The interface is a bit like a Zen Garden, where the player must arrange and move objects within the space to allow the flow of energy from one lotus flower to another. The game is set over 4 seasons, Summer, Autumn, Winter and Spring, each progressively more challenging as the levels evolve.

Each season has it’s own musical underscore created from a bank of loops that are designed to both work in any combination, but also evolve and develop over time with the gameplay.

It was decided very early on that User Interface (U.I.) sounds should add to the musical score. The way we made this work was to have a series of randomised tones associated with every object and movement within the game. All these sounds were composed in a way that to match the tonality of each season’s underscore, which allows every gesture within the game-play to contribute to an interactive soundtrack.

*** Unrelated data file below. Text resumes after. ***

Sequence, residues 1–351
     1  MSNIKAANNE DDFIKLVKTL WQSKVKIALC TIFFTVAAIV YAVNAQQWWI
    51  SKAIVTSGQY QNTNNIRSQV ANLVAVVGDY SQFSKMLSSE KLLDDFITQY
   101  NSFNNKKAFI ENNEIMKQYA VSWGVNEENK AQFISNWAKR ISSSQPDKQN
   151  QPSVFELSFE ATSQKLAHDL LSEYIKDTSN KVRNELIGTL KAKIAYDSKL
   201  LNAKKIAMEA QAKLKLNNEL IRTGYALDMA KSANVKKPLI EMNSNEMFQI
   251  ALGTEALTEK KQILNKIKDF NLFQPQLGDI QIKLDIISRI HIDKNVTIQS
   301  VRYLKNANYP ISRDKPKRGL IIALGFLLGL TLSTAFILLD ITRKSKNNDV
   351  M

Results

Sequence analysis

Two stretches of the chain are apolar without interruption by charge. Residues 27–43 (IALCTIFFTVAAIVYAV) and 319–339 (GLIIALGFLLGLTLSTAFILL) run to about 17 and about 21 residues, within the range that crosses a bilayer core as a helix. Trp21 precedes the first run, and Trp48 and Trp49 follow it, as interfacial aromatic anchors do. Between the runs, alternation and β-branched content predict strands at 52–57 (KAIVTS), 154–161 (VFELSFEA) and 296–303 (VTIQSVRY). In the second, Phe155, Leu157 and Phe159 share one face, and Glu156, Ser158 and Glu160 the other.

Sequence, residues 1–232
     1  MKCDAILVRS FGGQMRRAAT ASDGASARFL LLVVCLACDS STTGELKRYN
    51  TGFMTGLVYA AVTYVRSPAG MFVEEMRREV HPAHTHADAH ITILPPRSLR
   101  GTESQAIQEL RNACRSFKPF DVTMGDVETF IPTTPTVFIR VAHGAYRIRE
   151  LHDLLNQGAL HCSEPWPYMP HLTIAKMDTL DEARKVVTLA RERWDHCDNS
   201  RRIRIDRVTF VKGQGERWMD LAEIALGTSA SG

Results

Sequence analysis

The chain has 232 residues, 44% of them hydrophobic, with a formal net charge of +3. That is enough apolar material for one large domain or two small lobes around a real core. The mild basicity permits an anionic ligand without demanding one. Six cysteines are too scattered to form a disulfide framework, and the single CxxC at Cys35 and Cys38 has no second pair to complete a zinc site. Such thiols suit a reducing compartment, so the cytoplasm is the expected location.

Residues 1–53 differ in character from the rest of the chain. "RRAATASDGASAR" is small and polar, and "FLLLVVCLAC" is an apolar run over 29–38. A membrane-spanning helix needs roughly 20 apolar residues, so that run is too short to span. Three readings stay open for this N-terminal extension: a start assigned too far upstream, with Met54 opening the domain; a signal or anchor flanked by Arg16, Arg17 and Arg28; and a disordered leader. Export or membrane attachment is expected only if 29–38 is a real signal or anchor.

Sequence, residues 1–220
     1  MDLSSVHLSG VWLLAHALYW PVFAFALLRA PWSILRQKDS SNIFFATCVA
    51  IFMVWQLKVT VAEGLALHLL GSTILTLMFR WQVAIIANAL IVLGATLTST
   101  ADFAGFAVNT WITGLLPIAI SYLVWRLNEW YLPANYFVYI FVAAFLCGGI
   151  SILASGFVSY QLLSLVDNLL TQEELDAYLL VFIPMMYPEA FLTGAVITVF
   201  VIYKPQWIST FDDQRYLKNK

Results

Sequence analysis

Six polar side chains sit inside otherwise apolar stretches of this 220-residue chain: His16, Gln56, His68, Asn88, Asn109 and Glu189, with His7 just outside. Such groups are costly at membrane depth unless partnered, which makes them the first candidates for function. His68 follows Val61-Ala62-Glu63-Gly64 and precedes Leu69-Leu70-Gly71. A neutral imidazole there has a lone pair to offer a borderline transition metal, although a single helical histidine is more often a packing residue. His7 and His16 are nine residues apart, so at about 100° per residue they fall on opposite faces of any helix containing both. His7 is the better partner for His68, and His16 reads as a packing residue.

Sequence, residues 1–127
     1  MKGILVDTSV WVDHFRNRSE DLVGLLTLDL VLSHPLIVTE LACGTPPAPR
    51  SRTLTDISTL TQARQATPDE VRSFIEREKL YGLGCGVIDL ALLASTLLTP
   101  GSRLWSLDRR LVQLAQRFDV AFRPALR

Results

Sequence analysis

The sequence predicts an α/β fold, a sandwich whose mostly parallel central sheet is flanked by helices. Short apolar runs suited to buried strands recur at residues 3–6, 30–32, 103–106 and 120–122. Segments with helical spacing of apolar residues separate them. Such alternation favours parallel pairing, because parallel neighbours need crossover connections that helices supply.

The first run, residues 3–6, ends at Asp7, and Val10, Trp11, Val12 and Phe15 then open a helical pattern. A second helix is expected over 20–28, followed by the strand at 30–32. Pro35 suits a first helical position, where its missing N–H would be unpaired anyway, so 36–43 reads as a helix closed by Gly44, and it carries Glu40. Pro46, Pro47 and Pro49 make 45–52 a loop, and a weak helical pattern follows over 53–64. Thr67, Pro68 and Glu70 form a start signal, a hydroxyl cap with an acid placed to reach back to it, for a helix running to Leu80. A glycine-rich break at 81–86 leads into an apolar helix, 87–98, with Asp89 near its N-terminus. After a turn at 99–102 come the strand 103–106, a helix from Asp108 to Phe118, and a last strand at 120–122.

During the development of the soundtrack, I used Ableton Live to create a performable set to play these sounds to both demo these musical ideas to the guys at Many Monkeys and to test how the U.I. sounds blended with each other. I did this by creating drum racks that housed the U.I sounds and used scenes to work out the different combinations of underscore loops for each level in the game.

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Once the nuts and bolts of the game sound was finalised, I set about developing a performable live set to recorded each ‘season’ as a musical composition in it’s own right. This was done with a little extra help from the wonderful Max for Live Dub Machines audio FX ‘Magnetic‘ and ‘Diffuse‘ which added extra flow and movement.

Below are the recorded seasons of the Breath of Light soundtrack, available for free download via Bandcamp.